Palace in Phnom Penh, Cambodia

Cambodia: Phnom Penh during Water Festival

After the arrival to the airport I filled visa form, paid 30 USD (25,80 EUR) and got a nice one-side sticker in my brand new passport. The administration took just 10 minutes and I was out of the airport building where my old Taekwon-do friend Chivorn Pal and his students Siesung Tang and Vannsak Lim were waiting for me, holding a transparent with my name and a big flower. Last week I got one from my Airbus colleagues, this week from my Taekwon-do friends and I am pretty curious what will happen next week in Siem Reap. We agreed to meet on training next day and I took tuktuk for 7 USD (6 EUR) from the airport to my hostel. Next day Chivorn told me that normal price would be like 4 USD (3,50 EUR). I need to be more careful with the tuktuk drivers then.

The hostel was great, located just at the Mekong river side, in 4th floor with a terasse and perfect bar, restaurant and music. That was a completely perfect spot to watch all fireworks during water festival that was starting the day after.

Next day there was not too much time to do anything due to long sleep after long flight, jetlag and natural laziness. In the afternoon I packed my training stuff and took a walk through the city rush heading to the Olympic Stadium to attend a training with Korean Master Ri. Having good mood, I was politely refusing tens of tuktuk offers that were smashing me from all the sides. With the motorbike, tuktuks are the fastest transportation in a heavy traffic. Being little hungry, I wanted to buy few bananas in a local street market but what a surprise when the lady gave me 2 bananas and refused to take my money. How nice of her. That never happened to me in Lidl! I promised her to come later and buy something from her and next day I did so. In the evening back in hostel I won twice over the hostel owner in chess and with a smile on the face finished my day.

After proper sleep I met Chivorn and Siesung at 8:00 in the morning in front of the hostel. Guys were so kind last day and offered a sightseeing tour. It was the day when water festival was starting and in the afternoon all the riverside was going to be closed for all the vehicles. I took a motorbike with them and visited National Museum and amazing Royal Palace with its Silver Pagoda, having a great explanation by Chivorn. Next drive led us to Wat Phnom, a buddhist temple located in a small hill in Phnom Penh. The temple built in 1372 stands 27 metres above the ground and is the tallest religious structure in the city.

For the lunch we were invited by Chivorn’s law teacher to join him and few friends in a nearby restaurant. I found out that “bat” means yes but otherwise the Khmer language is a complete jibbrish to me. I am everytime amazed how many languages do we have on the planet and how all the people still are able to communicate to each other. I learnt few basic Khmer phrases to stay cool.

We continued to the genocidal museum called S21 Truol Sleng. The local high school was used in the past as a secret prison between years 1975 – 1979 by a new regime Khmer Rouge after it won the Cambodian Civil War. It reminded me closely the concentration camps we had in Europe during World War II. Interesting but sad place.

In the evening we took a dinner one floor below my hostel with few friends, enjoying an amazing firework on the river and view to all the people below us. The annual three-day Water Festival (Bonn Om Toeuk) competes with the Khmer New Year for being the most important holiday for Cambodians. The boat races on the Tonle Sap river and the amazing carnival atmospere ashore attracts millions of people from all Cambodia. More than 400 boats, propelled by precision-trained oarsmen, take part in the annual boat race.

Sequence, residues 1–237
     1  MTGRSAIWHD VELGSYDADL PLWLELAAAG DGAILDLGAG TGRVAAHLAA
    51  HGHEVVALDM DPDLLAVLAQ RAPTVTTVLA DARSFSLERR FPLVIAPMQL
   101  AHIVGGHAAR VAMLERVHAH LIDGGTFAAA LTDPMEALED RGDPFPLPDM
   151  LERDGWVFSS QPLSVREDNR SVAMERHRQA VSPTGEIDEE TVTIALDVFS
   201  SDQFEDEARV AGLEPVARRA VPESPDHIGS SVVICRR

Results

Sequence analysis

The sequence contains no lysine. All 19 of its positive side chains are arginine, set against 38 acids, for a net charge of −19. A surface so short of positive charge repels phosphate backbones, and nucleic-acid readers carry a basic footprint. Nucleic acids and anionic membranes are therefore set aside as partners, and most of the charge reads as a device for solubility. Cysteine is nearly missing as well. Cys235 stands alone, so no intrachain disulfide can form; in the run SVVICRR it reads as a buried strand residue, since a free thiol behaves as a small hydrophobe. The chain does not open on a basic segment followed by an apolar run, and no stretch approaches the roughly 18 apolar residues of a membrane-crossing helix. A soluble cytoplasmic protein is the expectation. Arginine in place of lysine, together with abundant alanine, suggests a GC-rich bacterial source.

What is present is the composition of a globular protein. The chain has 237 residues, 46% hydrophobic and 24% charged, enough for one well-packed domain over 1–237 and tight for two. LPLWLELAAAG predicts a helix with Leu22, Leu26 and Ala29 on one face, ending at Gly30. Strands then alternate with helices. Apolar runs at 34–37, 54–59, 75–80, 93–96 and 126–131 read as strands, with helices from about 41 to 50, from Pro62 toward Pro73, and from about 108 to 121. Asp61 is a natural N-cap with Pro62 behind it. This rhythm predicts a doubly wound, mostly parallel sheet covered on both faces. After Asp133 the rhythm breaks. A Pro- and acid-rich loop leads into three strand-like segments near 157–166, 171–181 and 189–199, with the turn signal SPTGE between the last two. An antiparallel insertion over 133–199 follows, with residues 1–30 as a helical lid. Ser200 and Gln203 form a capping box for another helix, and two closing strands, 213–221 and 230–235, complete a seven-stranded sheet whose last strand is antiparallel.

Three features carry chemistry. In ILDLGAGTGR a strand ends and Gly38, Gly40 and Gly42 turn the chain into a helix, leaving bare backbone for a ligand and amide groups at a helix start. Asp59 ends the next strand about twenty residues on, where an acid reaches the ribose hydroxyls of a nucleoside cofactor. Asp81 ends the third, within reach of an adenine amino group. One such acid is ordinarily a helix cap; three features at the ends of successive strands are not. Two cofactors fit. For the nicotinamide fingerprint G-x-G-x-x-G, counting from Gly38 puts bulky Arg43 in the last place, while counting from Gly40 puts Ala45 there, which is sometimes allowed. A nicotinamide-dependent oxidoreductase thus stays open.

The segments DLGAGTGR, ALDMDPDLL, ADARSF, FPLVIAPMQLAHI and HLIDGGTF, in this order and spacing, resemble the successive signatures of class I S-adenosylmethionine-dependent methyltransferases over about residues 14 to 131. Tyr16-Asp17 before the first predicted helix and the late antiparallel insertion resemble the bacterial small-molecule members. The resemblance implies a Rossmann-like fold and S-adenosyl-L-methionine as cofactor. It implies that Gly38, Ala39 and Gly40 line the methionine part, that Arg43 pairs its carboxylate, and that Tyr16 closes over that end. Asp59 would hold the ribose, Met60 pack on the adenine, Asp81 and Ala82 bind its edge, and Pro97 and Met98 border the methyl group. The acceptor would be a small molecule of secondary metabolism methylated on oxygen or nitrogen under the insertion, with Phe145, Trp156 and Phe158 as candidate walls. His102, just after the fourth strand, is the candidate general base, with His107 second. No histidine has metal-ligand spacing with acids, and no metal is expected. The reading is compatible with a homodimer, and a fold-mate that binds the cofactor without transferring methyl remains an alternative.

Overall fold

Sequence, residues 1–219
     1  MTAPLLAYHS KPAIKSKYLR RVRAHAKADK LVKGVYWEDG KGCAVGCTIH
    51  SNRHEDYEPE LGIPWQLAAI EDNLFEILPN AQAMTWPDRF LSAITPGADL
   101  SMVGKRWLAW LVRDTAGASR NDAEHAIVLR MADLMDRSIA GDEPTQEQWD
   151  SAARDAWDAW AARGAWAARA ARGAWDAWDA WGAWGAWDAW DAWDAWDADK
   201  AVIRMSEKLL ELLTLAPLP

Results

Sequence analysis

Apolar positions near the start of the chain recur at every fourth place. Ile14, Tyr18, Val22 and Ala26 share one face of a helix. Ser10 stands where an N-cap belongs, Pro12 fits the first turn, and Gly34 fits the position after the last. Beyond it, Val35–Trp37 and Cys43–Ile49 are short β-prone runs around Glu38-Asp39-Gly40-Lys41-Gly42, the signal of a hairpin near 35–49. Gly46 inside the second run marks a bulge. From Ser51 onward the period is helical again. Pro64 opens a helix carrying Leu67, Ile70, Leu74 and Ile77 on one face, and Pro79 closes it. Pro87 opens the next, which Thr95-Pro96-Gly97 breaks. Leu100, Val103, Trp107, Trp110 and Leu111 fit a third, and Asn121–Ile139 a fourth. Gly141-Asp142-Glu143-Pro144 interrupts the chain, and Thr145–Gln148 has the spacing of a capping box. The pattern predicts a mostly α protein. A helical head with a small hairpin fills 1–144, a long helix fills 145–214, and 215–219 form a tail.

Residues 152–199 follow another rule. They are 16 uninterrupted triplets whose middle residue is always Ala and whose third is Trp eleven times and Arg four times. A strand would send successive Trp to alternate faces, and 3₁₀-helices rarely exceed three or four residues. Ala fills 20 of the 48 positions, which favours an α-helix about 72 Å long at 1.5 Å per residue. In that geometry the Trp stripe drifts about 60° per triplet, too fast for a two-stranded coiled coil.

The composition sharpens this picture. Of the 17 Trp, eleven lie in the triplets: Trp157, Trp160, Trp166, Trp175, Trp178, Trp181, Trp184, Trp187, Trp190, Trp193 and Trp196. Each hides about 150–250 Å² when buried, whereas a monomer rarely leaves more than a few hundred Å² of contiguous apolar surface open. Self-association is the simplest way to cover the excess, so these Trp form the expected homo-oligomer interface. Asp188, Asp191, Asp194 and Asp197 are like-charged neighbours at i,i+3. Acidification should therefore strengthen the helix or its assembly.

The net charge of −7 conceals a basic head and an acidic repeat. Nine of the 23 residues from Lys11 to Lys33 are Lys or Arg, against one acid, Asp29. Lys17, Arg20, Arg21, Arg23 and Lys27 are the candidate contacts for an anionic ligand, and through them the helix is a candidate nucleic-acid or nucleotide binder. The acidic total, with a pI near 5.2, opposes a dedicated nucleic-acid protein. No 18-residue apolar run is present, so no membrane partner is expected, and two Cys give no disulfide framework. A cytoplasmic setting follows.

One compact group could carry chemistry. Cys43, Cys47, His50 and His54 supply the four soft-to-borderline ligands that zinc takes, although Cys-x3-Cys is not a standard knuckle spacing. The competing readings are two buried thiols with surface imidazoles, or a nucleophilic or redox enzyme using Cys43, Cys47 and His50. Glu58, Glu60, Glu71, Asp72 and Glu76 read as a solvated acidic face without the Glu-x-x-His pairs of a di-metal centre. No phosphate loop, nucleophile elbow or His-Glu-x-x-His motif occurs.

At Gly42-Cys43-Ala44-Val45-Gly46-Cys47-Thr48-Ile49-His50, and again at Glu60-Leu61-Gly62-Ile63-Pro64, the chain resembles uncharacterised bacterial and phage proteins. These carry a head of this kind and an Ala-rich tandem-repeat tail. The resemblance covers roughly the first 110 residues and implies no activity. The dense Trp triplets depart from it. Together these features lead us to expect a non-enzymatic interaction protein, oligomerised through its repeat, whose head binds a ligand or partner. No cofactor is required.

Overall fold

In 2010 a tragic incident happened when about 350 people died and more than 700 were injured during a human stampede. For next few years the water festival has been canceled and was resumed again just in 2014.

The festival also marks a unique natural phenomen, the Tonle Sap river reverses the flow of its current and it is most probably the only waterway in the world which flows in opposite directions at different times of the year. From November to May the river flows into the Mekong like any other tributary however during the monsoon season, there is too much water in the main stream that forces Tonle Sap river changing its direction and flow back into Tonle Sap lake.

Few times during my stay in Phnom Penh I took a walk to a nearby island Pich to enjoy a night market and a water festival party made by Korean DJ. All the event reminded me Oktoberfest in Munich. Just nobody wore Lederhose or Dirndl and instead of beer there was soju. It is not my favorite drink and I sipped 1 bottle all evening long.

During one of my walks in the city I was also asked by a young lady whether I need some company for the evening. Well, I was not really sure whether it was a lady or not but mentioning that she is from Thailand, I think she could have been easily anything. I like trying new things but there are limits.

In my last day in Phnom Penh my limits were pushed a little bit further and I agreed with one of the traveller to try local worms, bugs and frogs to eat. I think that the biggest issue is our mind that is not used for that kind of food and we see it awkward but the taste itself was pretty good. That does not mean I will add them into my common menu for the future though.

Time to leave Phnom Penh and enjoy Siem Reap and its temples 300 km further. I took a bus for 14 USD (12,10 EUR) that is mainly used by expats and international travellers who do not want to use overcrowded local buses and enjoyed 5,5 hours long journey. My next bus travels will be anyway by normal bus for a normal price that is about 6 USD (5,20 EUR).

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